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    Thanks all. I haven't had a chance to do more decoding but I did find the tare weight is 91lbs. That doesn't tell me the gas capacity but it's a start. I'll take the measurements that were suggested.

    I bought a Generac LP series @ 3750 (3200) watts. It runs 10 hours @ 1/2 load on a regular grill tank (20lbs of LP). If I had say, 72 hours of run time that would keep me going quite a while. I'd be running the fridge (1100w), a small window AC and a few lamps in summer and in winter I would only need it for lights, the fridge/freezer (only if it got over 40 degrees outside), and possibly a space heater in the bathroom. I'm still trying to decide about my cooking abilities. I gave a grill with side burner and could use the microwave alternated with something bigger. I can also power my washer and dryer individually from the 220 outlet. I would only need any of these for limited amounts of time.

    I looked at larger models in my price range ($400) but they were junk, then I upped my range to $600 and propane and chose a slightly lower powered but better quality Generac over the other options. Ended up at 650 delivered but I'm ok with that knowing I can count on it to start..lol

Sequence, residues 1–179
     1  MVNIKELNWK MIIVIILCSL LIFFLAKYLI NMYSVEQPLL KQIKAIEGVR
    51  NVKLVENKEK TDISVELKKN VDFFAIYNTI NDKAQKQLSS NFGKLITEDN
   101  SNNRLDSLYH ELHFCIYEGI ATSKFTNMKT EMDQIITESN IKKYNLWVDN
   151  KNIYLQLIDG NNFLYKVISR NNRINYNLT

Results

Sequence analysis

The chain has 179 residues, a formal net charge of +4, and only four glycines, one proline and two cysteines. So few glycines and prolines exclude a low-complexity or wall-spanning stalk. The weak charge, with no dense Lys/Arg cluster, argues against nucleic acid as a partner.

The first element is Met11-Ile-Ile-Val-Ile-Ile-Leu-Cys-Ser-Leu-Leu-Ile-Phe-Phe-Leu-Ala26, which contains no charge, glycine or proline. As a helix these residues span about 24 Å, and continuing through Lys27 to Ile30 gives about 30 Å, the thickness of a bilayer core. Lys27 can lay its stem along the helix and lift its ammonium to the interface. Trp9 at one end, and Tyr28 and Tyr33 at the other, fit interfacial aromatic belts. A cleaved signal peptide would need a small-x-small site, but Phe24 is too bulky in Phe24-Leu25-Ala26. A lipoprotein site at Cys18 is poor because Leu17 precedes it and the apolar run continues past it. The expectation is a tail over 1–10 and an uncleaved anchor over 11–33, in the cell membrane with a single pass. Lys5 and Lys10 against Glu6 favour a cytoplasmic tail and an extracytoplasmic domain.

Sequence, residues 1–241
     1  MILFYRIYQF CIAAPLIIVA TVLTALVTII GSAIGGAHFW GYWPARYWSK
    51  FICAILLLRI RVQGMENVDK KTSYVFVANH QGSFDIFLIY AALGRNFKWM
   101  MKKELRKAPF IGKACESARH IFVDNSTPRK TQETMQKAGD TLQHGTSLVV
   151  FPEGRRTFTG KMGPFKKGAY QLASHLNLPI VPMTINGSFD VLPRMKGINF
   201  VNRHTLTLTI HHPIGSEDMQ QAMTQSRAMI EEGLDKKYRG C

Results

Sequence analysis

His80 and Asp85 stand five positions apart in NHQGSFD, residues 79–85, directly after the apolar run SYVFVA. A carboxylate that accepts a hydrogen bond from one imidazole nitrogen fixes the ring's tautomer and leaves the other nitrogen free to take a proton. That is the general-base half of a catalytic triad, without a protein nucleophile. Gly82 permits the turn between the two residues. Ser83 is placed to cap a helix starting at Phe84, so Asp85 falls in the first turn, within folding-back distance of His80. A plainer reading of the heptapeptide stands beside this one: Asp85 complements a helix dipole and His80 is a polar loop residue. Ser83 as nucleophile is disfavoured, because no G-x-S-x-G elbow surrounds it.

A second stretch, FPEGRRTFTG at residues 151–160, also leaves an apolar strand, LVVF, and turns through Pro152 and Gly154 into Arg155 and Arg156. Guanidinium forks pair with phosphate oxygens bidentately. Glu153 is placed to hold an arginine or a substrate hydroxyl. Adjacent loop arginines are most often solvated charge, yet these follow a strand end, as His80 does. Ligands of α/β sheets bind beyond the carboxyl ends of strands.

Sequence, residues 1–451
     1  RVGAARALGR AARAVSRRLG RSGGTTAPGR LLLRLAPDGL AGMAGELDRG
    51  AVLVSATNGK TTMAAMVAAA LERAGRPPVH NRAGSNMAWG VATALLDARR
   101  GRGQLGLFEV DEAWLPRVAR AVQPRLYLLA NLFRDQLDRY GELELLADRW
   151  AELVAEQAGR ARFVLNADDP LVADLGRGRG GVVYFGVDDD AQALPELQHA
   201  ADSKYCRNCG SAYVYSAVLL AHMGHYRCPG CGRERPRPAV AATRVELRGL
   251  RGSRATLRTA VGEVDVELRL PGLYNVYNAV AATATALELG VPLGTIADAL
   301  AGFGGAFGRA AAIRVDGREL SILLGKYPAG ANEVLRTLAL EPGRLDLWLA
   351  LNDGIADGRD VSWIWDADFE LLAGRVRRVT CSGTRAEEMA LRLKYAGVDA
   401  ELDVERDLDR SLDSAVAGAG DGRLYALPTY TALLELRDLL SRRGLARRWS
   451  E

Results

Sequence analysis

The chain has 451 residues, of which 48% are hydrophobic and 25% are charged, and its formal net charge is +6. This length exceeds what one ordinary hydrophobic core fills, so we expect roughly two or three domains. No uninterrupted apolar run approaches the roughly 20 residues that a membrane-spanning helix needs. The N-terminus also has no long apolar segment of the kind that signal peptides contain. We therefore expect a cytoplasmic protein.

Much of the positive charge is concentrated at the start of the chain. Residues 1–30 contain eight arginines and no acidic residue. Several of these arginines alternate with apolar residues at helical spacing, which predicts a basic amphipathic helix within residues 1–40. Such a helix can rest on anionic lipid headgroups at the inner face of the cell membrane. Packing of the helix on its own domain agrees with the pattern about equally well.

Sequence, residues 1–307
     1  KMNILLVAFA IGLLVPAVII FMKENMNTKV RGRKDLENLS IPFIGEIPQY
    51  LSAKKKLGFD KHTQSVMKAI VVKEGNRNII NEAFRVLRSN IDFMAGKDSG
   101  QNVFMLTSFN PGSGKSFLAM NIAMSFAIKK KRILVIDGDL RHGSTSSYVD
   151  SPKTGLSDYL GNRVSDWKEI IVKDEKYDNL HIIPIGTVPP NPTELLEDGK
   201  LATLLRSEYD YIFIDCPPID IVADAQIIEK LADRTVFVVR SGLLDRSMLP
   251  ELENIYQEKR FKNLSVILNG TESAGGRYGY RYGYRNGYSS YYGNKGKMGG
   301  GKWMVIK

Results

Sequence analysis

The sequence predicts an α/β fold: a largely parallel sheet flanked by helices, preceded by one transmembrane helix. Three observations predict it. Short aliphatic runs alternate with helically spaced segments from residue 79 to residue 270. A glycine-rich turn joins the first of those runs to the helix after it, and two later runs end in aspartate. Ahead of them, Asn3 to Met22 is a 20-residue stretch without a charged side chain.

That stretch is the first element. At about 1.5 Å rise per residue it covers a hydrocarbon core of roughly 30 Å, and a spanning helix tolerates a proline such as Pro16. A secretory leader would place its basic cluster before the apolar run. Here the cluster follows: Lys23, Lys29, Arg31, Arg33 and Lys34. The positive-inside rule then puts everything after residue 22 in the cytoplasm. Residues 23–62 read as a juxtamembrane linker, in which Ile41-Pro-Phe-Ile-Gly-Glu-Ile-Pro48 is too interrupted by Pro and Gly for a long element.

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    Distinguished Member Array dangerranger's Avatar
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    Those look to me like 30 gallon tanks. The W.C. # at the valve end is how many Cubic Inches of water it will hold. That type of valve has a dip tube that when the air bleed is open will spit liquid when the tank is 80% full. That 20% at the top is for expansion in warmer weather. In hot weather I can get only 24 gallons in them but in cold I can get 27 or 28 gallons. The larger tanks don't require the 12 year inspections that the smaller ones do. But they are required to be kept with minimal rust on the exterior. To separate them you will just need to remove the tee, and reconnect just the one tank. Good Luck DR

  12. #11
    Distinguished Member Array airslot's Avatar